The Unix Heritage Society mailing list
 help / color / mirror / Atom feed
From: Phil Budne <>
Subject: Re: [TUHS] Compilation "vs" byte-code interpretation, was Re: Looking back to 1981 - what pascal was popular on what unix?
Date: Sun, 30 Jan 2022 20:41:11 -0500	[thread overview]
Message-ID: <> (raw)
In-Reply-To: <>

> Is there consistency here?

There's a wide spectrum of strategies used for implementation of
languages, and no perfect and universally agreed on taxonomy.

	(And in networking, where there is an "International Standard"
	taxonomy, both the original ARPAnet, and the modern Internet
	don't fit into the (ISO) model!)

At ends of the spectrum you might get people to agree on the "pure
interpreter", which intreprets source code DIRECTLY, and the "native
code compiler", which generates instructions for the instruction set
of a physical computer (typically the one the compiler is running on,
with the term "cross compiler" used when the target architecture is
different than the one the compiler is running on).

I don't doubt this has been brought up many times in the "comp.compilers"

To bring the discussion back to "Unix Heritage":

The earliest Unix shells were pure interpreters
(and for all I know, most still are).

Some BASIC language systems have been pure interpreters, but it gets
murky fast; Some interpretive systems have converted source code to
tokens in memory, or even saved to disk.

Beyond pure interpreters, most interpreters perform some kind of
compilation into some alternate representation of the program often
starting (with and sometimes (LISP), ending) with a tree.  Often, the
tree is traversed to a prefix or postfix "polish" form, which might,
or might not be written out (as a byte code, or other intermediate

The earliest Unix language systems (TMG and B) on both the PDP-7 and
PDP-11 are interesting in that they output "word code" that is
assembled by as, and loaded with ld to produce "regular" executable
files which contain interpreters.

The earliest (PDP-7) Unix compilers, TMG and B both generated code for
(stack-oriented, postfix) pseudo machines (which happened to have
opcode fields the same size and position as the PDP-7 itself).

Since PDP-11 pointers can be a full 16-bit word, PDP-11 TMG and B
generate a stream of 16-bit postfix code (with pointers to interpreter
and "native code" support routines).  TMG contains an interpreter
loop, but the B interpreter is "threaded code" using machine register
r3 for the interpreter program counter, and each interpreter opcode
routine ends with "jmp *(r3)+"

I haven't examined Sixth Edition "bas" (written in assembler) closely
enough to say what kind of internal representation (if any) it uses.
"bc" generates postfix "dc" code using a yacc parser, and "sno"
appears to recursively eval a tree.

Seventh Edition awk looks to recursively execute a tree generated by a
yacc parser.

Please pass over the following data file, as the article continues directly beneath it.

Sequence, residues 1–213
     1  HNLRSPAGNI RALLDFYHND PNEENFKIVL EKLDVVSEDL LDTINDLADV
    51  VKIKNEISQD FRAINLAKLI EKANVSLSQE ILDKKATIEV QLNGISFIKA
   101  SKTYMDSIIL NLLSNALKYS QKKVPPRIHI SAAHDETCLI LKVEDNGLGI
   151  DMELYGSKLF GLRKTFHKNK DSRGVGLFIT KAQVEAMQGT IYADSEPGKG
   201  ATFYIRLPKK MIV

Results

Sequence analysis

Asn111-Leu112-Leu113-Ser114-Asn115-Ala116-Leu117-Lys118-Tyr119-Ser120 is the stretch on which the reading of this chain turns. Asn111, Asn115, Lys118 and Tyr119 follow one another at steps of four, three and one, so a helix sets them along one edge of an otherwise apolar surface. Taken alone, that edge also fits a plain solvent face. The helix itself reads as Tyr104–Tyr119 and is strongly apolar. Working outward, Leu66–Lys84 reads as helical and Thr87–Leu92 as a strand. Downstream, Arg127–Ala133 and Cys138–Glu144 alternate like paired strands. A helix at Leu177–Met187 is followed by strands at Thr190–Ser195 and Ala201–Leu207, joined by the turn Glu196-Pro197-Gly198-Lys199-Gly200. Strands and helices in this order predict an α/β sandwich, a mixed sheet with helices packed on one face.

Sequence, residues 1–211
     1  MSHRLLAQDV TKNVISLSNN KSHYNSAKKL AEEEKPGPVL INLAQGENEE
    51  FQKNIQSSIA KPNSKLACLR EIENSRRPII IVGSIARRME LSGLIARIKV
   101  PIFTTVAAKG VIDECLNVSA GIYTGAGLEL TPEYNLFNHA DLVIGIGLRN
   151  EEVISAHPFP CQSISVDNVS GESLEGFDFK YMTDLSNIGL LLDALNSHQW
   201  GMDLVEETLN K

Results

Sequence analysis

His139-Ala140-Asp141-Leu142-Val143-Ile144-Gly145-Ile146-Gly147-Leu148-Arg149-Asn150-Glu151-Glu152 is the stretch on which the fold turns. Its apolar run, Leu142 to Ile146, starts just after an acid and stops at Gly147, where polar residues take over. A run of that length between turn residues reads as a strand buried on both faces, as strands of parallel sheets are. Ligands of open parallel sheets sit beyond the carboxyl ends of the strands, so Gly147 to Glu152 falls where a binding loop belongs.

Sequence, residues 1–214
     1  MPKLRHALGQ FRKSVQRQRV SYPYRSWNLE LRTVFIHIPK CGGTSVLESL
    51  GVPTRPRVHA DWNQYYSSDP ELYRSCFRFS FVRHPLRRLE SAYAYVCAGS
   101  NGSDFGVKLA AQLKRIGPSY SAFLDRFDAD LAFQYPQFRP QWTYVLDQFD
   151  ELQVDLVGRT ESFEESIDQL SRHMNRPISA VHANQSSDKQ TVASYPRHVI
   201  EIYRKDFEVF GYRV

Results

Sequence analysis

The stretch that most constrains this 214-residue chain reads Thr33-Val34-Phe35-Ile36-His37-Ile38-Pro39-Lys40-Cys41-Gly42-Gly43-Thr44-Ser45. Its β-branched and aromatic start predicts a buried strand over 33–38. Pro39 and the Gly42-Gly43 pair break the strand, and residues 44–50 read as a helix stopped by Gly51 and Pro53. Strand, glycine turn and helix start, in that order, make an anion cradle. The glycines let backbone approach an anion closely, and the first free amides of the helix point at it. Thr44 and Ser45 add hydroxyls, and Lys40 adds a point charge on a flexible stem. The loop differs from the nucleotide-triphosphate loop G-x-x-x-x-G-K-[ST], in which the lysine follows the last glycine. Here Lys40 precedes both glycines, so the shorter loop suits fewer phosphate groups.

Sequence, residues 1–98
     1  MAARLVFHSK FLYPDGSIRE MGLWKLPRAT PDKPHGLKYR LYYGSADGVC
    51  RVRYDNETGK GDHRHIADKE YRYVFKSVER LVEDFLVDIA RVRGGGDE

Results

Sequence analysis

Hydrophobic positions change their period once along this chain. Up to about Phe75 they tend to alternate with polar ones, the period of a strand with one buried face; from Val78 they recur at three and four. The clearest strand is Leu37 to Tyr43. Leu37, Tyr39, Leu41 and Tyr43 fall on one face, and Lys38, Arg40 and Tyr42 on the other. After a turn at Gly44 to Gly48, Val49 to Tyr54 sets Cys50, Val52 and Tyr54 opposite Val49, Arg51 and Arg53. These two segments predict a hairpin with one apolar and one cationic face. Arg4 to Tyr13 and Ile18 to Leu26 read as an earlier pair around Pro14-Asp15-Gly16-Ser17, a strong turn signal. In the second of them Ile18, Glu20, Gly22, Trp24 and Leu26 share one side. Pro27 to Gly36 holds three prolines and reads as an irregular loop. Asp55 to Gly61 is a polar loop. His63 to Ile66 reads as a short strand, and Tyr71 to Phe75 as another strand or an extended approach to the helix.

Compilers on older/smaller systems were sometimes divided into
multiple passes and wrote intermediate representations to disk, and
such output _could_ have been interpreted.

Language processors which output source code for another language (on
heritage Unix; struct, ratfor, and cfront for early C++) are usually
called preprocessors.

So...  Interpreters and preprocessors may perform much the same work
as compilers in their front ends, may or may not be identified as

Java (and UCSD Pascal?) have compilers (to virtual machine code)
and an interpreter (for the virtual machine code).

Clear as mud?

  parent reply	other threads:[~2022-01-31  1:41 UTC|newest]

Thread overview: 32+ messages / expand[flat|nested]  mbox.gz  Atom feed  top
2022-01-28 23:07 [TUHS] " Will Senn
2022-01-28 23:18 ` Dan Cross
2022-01-28 23:31   ` Will Senn
2022-01-29  0:03     ` Rob Pike
2022-01-29  0:40     ` Will Senn
2022-01-29 19:05       ` John Cowan
2022-01-29 19:36         ` arnold
2022-01-29 19:59 ` Clem Cole
2022-01-29 20:02   ` Jon Steinhart
2022-01-29 20:13   ` Bakul Shah
2022-01-29 20:30     ` Clem Cole
2022-01-29 20:34     ` Larry McVoy
2022-01-29 21:03       ` Al Kossow
2022-01-29 21:38         ` Larry McVoy
2022-01-29 22:06       ` Bakul Shah
2022-01-29 22:48         ` GREEN
2022-01-30  3:27           ` Larry McVoy
2022-01-30 16:57   ` David Barto
2022-01-30 18:07     ` [TUHS] Compilation "vs" byte-code interpretation, was " Dan Stromberg
2022-01-30 20:09       ` David Barto
2022-01-31  7:59         ` WEB
2022-01-30 22:51       ` Dan Cross
2022-01-30 23:57         ` Dan Stromberg
2022-01-31  0:23         ` Nemo Nusquam
2022-01-31  0:45           ` Steve Nickolas
2022-01-31 17:16             ` Paul Winalski
2022-01-31 20:00               ` Erik E. Fair
2022-01-31 22:45               ` Steve Nickolas
2022-02-02  4:53               ` Adam Thornton
2022-01-31  1:41       ` Phil Budne [this message]
2022-02-07  3:04   ` [TUHS] " Rob Gingell
     [not found] <>
2022-01-30 20:09 ` [TUHS] Compilation "vs" byte-code interpretation, was " silas poulson

Reply instructions:

You may reply publicly to this message via plain-text email
using any one of the following methods:

* Save the following mbox file, import it into your mail client,
  and reply-to-all from there: mbox

  Avoid top-posting and favor interleaved quoting:

* Reply using the --to, --cc, and --in-reply-to
  switches of git-send-email(1):

  git send-email \ \ \ \ \

* If your mail client supports setting the In-Reply-To header
  via mailto: links, try the mailto: link
Be sure your reply has a Subject: header at the top and a blank line before the message body.
This is a public inbox, see mirroring instructions
for how to clone and mirror all data and code used for this inbox;
as well as URLs for NNTP newsgroup(s).